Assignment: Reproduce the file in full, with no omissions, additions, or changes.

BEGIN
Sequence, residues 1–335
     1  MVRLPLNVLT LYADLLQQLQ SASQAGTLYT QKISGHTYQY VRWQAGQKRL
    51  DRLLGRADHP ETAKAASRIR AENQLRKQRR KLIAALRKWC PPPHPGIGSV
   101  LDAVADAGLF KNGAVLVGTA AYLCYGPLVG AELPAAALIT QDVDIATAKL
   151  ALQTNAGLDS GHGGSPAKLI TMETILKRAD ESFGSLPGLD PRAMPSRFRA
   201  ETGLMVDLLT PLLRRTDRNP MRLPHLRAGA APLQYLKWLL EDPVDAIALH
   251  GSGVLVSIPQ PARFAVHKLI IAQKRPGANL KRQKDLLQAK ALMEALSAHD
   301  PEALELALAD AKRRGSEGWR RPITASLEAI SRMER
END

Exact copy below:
Sequence, residues 1–335
     1  MVRLPLNVLT LYADLLQQLQ SASQAGTLYT QKISGHTYQY VRWQAGQKRL
    51  DRLLGRADHP ETAKAASRIR AENQLRKQRR KLIAALRKWC PPPHPGIGSV
   101  LDAVADAGLF KNGAVLVGTA AYLCYGPLVG AELPAAALIT QDVDIATAKL
   151  ALQTNAGLDS GHGGSPAKLI TMETILKRAD ESFGSLPGLD PRAMPSRFRA
   201  ETGLMVDLLT PLLRRTDRNP MRLPHLRAGA APLQYLKWLL EDPVDAIALH
   251  GSGVLVSIPQ PARFAVHKLI IAQKRPGANL KRQKDLLQAK ALMEALSAHD
   301  PEALELALAD AKRRGSEGWR RPITASLEAI SRMER